Thursday, January 26, 2012
Friday, January 20, 2012
Saturday, January 14, 2012
Thursday, January 12, 2012
“Last night, I shot an elephant in my pajamas. How he got into my pajamas I’ll never know. But I’m sure capitalism is to blame.”
He also proclaimed, “Marxism is a wonderful institution, but who wants to live in an institution?
”I have given up listening to political pundits for a few months because they dissect ambiguity to death. Politicians make extreme, apodictic statements while speaking to a group leaning in a particular direction and then they must scramble to clarify when the position is reported to the general public. The complete picture takes too long to communicate.
Sound bites may be memorable but they leave the speaker open to various interpretations.
Families with a declining loved one grasp at reported sound bites. If they are not intimately involved every day, evaluation ranges from detached acceptance to criticism.
Families attempt to judge the primary caregiver without recognizing the ever present paradox. Especially when a second marriage pulls in unrelated adults who have spouses and who all swing on their own rope. The caregiver experiences enough stress dealing with the loved one’s contradictory behaviors. He or she does not need outside opinions from within the family.
When Dementia has been diagnosed each family member must recognize that they are now living with ambiguity. To deny the reality is to curse the primary caregiver. Distant relatives who rarely see the family member are often the most easily deluded.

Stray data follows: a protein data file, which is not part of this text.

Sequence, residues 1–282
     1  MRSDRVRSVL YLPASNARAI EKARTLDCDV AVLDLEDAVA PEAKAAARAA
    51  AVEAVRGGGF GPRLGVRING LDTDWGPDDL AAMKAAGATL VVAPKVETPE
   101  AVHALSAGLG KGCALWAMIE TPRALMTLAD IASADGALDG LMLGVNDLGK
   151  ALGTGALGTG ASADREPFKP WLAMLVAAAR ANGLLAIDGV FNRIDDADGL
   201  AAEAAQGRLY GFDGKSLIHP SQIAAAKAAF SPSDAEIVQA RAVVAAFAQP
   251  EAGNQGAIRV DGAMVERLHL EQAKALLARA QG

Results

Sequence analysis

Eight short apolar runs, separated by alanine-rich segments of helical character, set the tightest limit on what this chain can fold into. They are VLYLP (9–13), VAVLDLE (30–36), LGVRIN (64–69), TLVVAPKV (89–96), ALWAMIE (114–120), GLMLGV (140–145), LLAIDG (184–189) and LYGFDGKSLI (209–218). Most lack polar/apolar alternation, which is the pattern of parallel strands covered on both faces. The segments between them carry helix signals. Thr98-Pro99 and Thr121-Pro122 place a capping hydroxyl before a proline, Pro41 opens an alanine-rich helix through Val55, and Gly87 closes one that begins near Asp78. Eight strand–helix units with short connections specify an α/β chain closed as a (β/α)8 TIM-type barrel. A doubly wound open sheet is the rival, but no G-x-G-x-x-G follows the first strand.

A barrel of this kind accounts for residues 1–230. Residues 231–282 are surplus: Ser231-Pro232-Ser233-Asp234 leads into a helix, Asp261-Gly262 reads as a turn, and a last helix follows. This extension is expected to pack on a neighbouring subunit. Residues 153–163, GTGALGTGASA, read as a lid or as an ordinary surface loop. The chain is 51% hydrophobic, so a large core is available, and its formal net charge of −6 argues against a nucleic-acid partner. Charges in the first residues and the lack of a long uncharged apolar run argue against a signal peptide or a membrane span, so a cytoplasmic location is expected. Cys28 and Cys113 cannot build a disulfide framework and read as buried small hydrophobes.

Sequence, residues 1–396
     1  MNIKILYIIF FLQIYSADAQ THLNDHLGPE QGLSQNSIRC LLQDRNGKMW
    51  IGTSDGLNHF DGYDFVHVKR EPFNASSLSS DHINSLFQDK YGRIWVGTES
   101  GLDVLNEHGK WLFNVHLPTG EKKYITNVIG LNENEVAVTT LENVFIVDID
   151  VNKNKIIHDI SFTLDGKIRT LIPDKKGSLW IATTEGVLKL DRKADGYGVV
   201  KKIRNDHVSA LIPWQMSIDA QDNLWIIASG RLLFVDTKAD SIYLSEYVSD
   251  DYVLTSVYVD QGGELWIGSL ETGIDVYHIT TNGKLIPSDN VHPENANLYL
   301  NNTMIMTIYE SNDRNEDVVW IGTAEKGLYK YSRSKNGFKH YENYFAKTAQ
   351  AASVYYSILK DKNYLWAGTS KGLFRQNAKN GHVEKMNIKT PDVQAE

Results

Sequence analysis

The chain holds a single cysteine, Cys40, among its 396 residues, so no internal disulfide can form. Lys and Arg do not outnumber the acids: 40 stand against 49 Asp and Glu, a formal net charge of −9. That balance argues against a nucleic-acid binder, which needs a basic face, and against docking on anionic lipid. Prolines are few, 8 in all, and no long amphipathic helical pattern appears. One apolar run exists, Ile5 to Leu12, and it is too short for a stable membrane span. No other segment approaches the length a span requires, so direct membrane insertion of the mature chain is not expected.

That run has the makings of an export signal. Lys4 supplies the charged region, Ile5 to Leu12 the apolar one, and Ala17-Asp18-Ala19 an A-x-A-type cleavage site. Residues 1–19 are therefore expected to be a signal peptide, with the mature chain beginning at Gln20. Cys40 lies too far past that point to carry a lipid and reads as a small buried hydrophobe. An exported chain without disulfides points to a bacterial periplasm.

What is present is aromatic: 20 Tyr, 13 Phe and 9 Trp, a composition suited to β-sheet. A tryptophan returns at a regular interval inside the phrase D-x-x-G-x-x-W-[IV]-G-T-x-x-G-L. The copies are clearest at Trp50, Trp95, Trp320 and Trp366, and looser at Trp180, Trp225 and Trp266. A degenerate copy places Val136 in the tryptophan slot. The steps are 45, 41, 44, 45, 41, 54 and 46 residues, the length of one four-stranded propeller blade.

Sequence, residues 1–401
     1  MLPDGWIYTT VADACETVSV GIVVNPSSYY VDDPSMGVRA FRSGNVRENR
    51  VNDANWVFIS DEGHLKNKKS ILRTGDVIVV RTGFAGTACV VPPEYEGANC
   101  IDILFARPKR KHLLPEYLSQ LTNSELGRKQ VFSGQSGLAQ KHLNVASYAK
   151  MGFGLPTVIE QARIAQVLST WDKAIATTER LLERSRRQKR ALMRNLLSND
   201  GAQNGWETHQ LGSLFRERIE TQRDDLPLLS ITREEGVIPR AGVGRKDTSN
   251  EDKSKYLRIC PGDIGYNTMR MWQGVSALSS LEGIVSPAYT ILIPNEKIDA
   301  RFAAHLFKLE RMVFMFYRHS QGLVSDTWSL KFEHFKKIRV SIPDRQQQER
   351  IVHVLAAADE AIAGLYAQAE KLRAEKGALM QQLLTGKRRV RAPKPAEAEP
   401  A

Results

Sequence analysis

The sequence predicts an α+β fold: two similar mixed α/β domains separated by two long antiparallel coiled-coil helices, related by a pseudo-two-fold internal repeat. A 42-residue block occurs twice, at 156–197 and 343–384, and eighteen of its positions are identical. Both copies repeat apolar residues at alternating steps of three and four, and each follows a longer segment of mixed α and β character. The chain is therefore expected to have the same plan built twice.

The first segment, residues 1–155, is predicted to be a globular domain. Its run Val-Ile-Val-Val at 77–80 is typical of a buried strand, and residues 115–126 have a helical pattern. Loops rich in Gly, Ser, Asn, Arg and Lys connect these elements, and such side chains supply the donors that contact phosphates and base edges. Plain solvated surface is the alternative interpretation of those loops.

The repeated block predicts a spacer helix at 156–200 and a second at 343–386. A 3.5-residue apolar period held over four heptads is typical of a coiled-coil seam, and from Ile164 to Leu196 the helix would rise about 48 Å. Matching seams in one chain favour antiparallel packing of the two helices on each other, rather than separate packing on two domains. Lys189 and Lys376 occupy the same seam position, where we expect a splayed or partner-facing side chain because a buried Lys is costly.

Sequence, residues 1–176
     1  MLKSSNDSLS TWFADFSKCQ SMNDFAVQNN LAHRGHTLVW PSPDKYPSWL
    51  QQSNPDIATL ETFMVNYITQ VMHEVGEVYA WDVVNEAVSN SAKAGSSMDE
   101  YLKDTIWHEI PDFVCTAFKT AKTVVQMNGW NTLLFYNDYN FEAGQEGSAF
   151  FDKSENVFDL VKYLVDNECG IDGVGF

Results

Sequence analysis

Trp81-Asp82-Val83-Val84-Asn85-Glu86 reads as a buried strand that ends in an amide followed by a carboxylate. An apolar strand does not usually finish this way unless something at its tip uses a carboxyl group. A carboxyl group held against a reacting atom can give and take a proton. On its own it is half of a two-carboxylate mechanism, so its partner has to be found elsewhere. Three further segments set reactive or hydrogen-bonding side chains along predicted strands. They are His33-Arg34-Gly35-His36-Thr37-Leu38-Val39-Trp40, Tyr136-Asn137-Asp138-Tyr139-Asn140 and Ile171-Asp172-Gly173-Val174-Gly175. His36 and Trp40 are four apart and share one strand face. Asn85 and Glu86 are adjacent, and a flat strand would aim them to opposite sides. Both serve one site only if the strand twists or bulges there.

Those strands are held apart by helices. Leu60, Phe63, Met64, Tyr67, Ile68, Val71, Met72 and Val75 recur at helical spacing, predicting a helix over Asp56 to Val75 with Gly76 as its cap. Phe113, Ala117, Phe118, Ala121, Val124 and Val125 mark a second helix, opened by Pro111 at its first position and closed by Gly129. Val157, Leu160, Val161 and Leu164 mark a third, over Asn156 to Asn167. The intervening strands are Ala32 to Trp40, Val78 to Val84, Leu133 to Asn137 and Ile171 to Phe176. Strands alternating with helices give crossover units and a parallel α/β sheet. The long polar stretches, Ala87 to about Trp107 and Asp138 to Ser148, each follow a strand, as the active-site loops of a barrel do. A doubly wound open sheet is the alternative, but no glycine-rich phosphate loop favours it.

A daughter caring for her father might say, “Last night I wanted to strangle Dad in my pajamas. How he got into my pajamas I don’t know. I’m so exhausted I don’t know what I’m doing.”
Sunday, January 8, 2012
Grace was both normal and imbalanced. She was present in her chair but simultaneously absent from reasonable conversation. She could express preference, lapse into vacancy, and strike out in anger, all within minutes of each other.
Years ago we inherited an outside, calico cat who occasionally ventured into the garage. She perched on the stair rail where we would pet her. We quickly learned to lean in, reach for a soft stroking of her back and then raise the arm out of reach of her claws. I would give her two strokes and quit. I accepted the ambiguity of a cat who could tolerate only so much attention.
Dementia from alcoholism will force us to recognize ambiguity as the person ages. We never know if his reactions will be jovial or violent. It is a precarious way to live.
No one enjoys ambiguity. But the people we care for may force us to accept contradiction and paradox. They are both here and gone, a loved one and a stranger, affectionate and dangerous.